2.5. Hematoxylin and Eosin

Slides were placed in staining jar and deparaffinized by submerging into three series of absolute xylene for four minutes, followed by 100%, 95%, 90% and 70% of ethanol for four minutes of each percentage. These slides were then washed in running tap water for two minutes.
After this, slides were submerged into Harris Hematoxylin for two minutes and then washed in running tap water for another two minutes. The slides were then submerged into 1% acid alcohol for three dips to decolorize it, and washed in running tap water for two minutes. Next, the slides were submerged into 2% potassium acetate for three minutes and again washed in running tap water for two minutes. Slides were then submerged into hematoxylin for 10 min. After that, slides were submerged into Eosin for two minutes, followed by washing in running tap water for a further two minutes. Before observation, slides were dipped into absolute xylene for one minute and finally mounted with cover slip using DPX mounting.

2.6. Human CD117/c-Kit 17 Antigen

Immunohistochemistry was performed on formalin-fixed and paraffin-embedded 3 μm thick sections. Tissue sections were deparaffinized in xylene and rehydrated in decreasing ethanol series. For antigen retrieval, sections were boiled in 0.01 M citrate buffer (pH = 6, slightly acidic) for 10 min. Methanol with 0.5% H2O2 was used to block endogenous peroxidase activity for 10 min. Tissue sections were then washed in Tris-buffered saline (TBS, pH = 7.6, slightly alkali) and incubated with diluted normal serum for 10 min and then treated with primary antibody for 30 min, according to the procedure outlined by the manufacturer. The applied primary antibody was c-kit monoclonal antibody (Novocastra RTU-CD117, RE 7290 k, Newcastle, UK). After rinsing with TBS, the sections were incubated with secondary antibody (Dako Envision Dual Link Labeled Polymer HRP, Glostrup, Denmark), washed again in TBS and reacted with diaminobenzine hydrochloride (DAB) for five minutes. Finally, slides were counterstained with hematoxylin and cover-slipped with a synthetic mounting media.

2.7. Masson’s Trichrome

For visualization of collagen fibers and the histological assessment of collagen deposition, trichrome staining was performed using the Masson Trichrome Staining Kit (Sigma Aldrich, St. Louis, MO, USA). First, the slides were deparaffinized and rehydrated through a descending manner of alcohol: 100% alcohol, 95% alcohol and 70% alcohol, for four minutes in each percentage. The slides were washed in distilled water. The slides then were submerged in warmed Bouin’s solution at 60 °C for 45 min. Next, the slides were washed in running tap water until the yellow color in samples disappeared. To differentiate nuclei, slides then were immersed in modified Wiegert’s hematoxylin for eight minutes, after that washed in running water for two minutes. In order to stain the cytoplasms and erythrocytes, the slides were submerged in anionic dyes, acid fuschin for five minutes; then again these slides were washed with running tap water for two minutes. Next, slides were treated with a phosphomolybidic acid solution for another 10 min as a mordant, and immediately the slides were submerged into methyl blue solution for five minutes in order to stain fibroblast and collagen. After that, slides were washed in running water for two minutes and lastly treated with 1% acetic acid solution for one minute. Slides then were dehydrated into a series of alcohol of 70%, 80%, 95% and 100%, respectively, for one minute within each percentage. Before observation, slides were dipped into absolute xylene for one minute and finally mounted with cover slip using DPX mounting. Finally, the slides were examined under the microscope by the same pathologist blinded to the treatments.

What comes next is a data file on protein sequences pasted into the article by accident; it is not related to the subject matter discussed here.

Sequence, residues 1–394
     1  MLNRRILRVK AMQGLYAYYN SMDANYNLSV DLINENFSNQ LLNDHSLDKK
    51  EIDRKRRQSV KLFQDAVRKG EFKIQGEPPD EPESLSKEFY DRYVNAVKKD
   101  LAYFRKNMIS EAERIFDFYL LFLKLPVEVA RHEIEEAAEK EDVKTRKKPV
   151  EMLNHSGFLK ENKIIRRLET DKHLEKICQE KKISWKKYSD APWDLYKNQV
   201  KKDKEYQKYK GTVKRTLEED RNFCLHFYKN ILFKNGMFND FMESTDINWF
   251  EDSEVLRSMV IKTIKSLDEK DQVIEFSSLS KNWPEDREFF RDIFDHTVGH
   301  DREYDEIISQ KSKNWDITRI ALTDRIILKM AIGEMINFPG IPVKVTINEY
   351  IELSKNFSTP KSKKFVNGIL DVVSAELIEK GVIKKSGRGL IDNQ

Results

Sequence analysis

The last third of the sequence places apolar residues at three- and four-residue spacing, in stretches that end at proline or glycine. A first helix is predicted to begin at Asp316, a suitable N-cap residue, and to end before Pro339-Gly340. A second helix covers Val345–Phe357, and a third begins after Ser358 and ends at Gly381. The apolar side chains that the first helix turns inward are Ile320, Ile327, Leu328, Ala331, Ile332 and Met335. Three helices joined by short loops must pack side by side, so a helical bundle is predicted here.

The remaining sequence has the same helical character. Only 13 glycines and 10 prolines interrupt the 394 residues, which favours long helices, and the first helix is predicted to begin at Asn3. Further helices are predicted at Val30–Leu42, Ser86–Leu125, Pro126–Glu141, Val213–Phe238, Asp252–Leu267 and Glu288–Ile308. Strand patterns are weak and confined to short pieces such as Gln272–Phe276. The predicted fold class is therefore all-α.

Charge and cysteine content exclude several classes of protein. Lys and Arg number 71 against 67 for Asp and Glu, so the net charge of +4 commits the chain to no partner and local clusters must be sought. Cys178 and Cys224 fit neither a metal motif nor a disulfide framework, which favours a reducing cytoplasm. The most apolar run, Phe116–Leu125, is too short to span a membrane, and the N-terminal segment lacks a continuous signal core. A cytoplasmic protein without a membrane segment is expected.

2.8. Measurement of Wound Closure

Wound closure was measured by serial standard photographs taken at several time intervals during the WMCS treatment. The target wound’s greatest length and width were measured at baseline. The ulcer size was calculated by multiplying the length and width. Percentage wound area reduction was calculated by dividing the wound area at the indicative time point after WMCS treatment with the wound area before WMCS treatment (Day = 0), and then multiplied by 100. The entire process of area measurement was done by a single person who was blinded to the group of the patient and the session for each wound being measured.

3. Results

3.1. Clinical Outcome